It seems so long ago, the 2012 campaign, when President Obama and Mitt Romney traded accusations about the other being “outsourcer in chief.”
The Obama campaign made much of the former Massachusetts governor’s time as founder and chief of Bain Capital, a private equity outfit that invested in companies specializing in relocating jobs done by Americans to new operations in low-wage countries.
Among the charges sent back from Romney forces was that General Motors, saved by the president, outsourced some two-thirds of its jobs to other countries. And Obama’s efforts in renewable energy supported some companies that made products offshore.
Then the election passed and so, seemingly, did the outsourcing debate. Now the fights at the rhetorical and policy barricades are over the minimum wage.
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But the issue remains important, especially in a time of weak job growth, stagnant wages and high unemployment. The Puget Sound region has an acute interest because of the trouble Boeing encountered with the highly outsourced 787 Dreamliner. Economists continue to study the phenomenon.
The newest examination was released last week by Clair Brown, economics professor at the University of California at Berkeley, and Tim Sturgeon, a senior research affiliate with MIT’s Industrial Performance Center.
Companies have been outsourcing work for decades and anybody in the manufacturing heartland of the Midwest or the former textile temple of the Carolinas knows people who lost jobs to Mexico or China.
It’s an emotionally charged issue. Critics cite statistics that major U.S. companies cut domestic positions by 2.9 million in the 2000s while increasing their overseas employment by 2.4 million. According to the progressive Economic Policy Institute, from 1990 to 2010, some 3.5 million U.S. jobs were lost to offshoring and Chinese trade.
In 2012, The Wall Street Journal analyzed 35 U.S.-based multinationals, finding that they added jobs faster than other firms the previous two years. But three-fifths of the new jobs were overseas.
Former Intel CEO Andy Grove wrote a provocative essay in 2010 lamenting the loss of technology manufacturing in the U.S. Apple had 25,000 employees in the U.S., but 250,000 Foxconn workers making its products in China. This country had lost the ability to “scale” its innovations into job creation, and innovation would be the next loser.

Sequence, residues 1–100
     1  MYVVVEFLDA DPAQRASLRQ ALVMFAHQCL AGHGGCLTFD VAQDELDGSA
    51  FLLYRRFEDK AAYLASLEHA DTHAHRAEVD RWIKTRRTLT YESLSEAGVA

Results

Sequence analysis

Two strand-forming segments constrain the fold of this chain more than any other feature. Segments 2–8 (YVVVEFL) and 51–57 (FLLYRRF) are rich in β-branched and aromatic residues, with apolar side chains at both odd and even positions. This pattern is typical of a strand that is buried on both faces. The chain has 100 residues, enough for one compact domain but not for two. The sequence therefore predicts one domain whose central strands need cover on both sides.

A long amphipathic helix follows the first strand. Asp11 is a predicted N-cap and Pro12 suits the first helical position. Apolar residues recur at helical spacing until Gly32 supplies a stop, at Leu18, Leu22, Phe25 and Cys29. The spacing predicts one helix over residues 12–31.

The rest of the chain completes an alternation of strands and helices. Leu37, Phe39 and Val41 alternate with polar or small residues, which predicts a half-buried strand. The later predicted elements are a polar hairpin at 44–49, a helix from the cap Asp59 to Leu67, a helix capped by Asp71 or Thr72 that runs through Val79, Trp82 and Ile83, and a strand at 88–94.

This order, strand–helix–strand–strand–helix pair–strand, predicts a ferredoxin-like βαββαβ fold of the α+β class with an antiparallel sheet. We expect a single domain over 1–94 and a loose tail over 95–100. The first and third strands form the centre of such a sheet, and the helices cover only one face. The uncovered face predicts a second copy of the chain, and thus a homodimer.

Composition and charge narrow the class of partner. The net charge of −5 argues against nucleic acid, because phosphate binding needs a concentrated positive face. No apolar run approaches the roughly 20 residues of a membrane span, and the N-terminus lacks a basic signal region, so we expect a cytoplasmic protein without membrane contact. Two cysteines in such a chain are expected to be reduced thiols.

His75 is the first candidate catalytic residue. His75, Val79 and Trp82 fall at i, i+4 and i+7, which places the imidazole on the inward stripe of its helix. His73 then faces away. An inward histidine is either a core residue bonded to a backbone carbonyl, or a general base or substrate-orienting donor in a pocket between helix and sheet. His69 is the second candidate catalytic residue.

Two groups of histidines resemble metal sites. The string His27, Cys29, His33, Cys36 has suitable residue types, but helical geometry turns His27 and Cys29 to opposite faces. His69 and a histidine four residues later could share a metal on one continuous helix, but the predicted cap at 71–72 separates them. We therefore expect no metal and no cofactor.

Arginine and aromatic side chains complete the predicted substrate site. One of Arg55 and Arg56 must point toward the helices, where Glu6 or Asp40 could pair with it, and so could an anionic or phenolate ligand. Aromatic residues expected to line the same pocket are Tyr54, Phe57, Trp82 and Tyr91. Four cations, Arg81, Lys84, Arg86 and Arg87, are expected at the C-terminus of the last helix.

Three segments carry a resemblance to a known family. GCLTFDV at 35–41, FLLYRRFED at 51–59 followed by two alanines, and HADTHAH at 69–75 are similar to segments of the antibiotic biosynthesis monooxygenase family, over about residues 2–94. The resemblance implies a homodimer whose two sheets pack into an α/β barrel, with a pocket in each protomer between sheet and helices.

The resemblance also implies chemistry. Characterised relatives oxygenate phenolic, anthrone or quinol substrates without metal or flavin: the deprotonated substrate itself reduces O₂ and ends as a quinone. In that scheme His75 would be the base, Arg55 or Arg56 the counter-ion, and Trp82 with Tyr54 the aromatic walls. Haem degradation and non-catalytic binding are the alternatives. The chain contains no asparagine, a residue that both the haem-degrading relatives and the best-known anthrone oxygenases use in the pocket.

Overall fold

But it is difficult to know how much of this happened because the companies were moving U.S. jobs offshore or expanding in new and fast-growing markets. Economists argue over the costs to jobs and benefits in cheaper consumer products.
Brown and Sturgeon wanted to go deeper. The result is a pilot study funded by the National Science Foundation using 2010 data. It’s wonkish. I recommend it for insomnia sufferers. Still, some results are surprising, though I doubt they will do much to quell the controversy.
Most outsourcing is done within the U.S., where almost one-half of full-time employees work at companies that use contractors and suppliers to do work that was once likely done in-house.
About 23 percent of full-time employees work at companies that offshore work to other countries. However, most of it is done to high-cost locations such as Canada and western Europe. This would seem to confound the conventional wisdom of companies only seeking the cheapest labor.
Major corporations are the big users of offshoring, so their decisions have an outsized effect on the labor market. These companies, which employ more than 20 percent of all full-time workers, usually offer better-quality jobs with higher wages and benefits than the average U.S. employer.
According to Brown, “We do expect offshoring and domestic outsourcing to expand as the economy continues to grow. The recovery allows companies to restructure and expand through more offshoring and outsourcing, instead of just rehiring and returning to old practices.”
My translation: More downward pressure on domestic wages and a significant driver of a jobless recovery and inequality.
Also, other studies make it clear that cheaper wages do indeed drive much outsourcing. The benefit for companies is stronger profits, higher stock prices and ever increasing compensation for top executives.
Grove called for a ”rebuilding of the industrial commons” and Obama has talked a great deal about doing this. But the promise of “reshoring” hasn’t resulted in many manufacturing jobs. Nothing has been done to change the tax code and other federal incentives to match the inducements that companies receive in China.
Thus, it has been left to the states to fight a nasty battle over a shrinking pie. Washingtonians should understand, even if they don’t approve, why Gov. Jay Inslee and lawmakers were so quick to provide Boeing with $9 billion in tax breaks for the 777X.
Pieces of the project will be outsourced. But thousands of well-paying jobs will be guaranteed in a state that still has an industrial commons.
But this is hardly a solution. Whoever is outsourcer-in-chief and in Congress depends on money raised by companies that want this status quo. The clock can’t be turned back to 1979. But a better balance can be found.
You may reach Jon Talton at email@example.com